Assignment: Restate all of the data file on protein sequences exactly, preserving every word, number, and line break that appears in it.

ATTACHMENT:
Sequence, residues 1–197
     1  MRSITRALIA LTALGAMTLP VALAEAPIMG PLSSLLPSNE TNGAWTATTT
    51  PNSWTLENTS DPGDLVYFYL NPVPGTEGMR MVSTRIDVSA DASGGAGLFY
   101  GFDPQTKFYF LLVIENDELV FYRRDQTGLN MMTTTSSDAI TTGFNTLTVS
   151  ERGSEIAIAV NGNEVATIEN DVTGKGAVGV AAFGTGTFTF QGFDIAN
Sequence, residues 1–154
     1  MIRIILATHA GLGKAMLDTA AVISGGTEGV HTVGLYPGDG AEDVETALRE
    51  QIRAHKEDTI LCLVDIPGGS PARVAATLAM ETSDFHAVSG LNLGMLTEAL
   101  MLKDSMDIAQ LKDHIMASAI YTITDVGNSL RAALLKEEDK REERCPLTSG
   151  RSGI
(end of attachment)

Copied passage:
Sequence, residues 1–197
     1  MRSITRALIA LTALGAMTLP VALAEAPIMG PLSSLLPSNE TNGAWTATTT
    51  PNSWTLENTS DPGDLVYFYL NPVPGTEGMR MVSTRIDVSA DASGGAGLFY
   101  GFDPQTKFYF LLVIENDELV FYRRDQTGLN MMTTTSSDAI TTGFNTLTVS
   151  ERGSEIAIAV NGNEVATIEN DVTGKGAVGV AAFGTGTFTF QGFDIAN
Sequence, residues 1–154
     1  MIRIILATHA GLGKAMLDTA AVISGGTEGV HTVGLYPGDG AEDVETALRE
    51  QIRAHKEDTI LCLVDIPGGS PARVAATLAM ETSDFHAVSG LNLGMLTEAL
   101  MLKDSMDIAQ LKDHIMASAI YTITDVGNSL RAALLKEEDK REERCPLTSG
   151  RSGI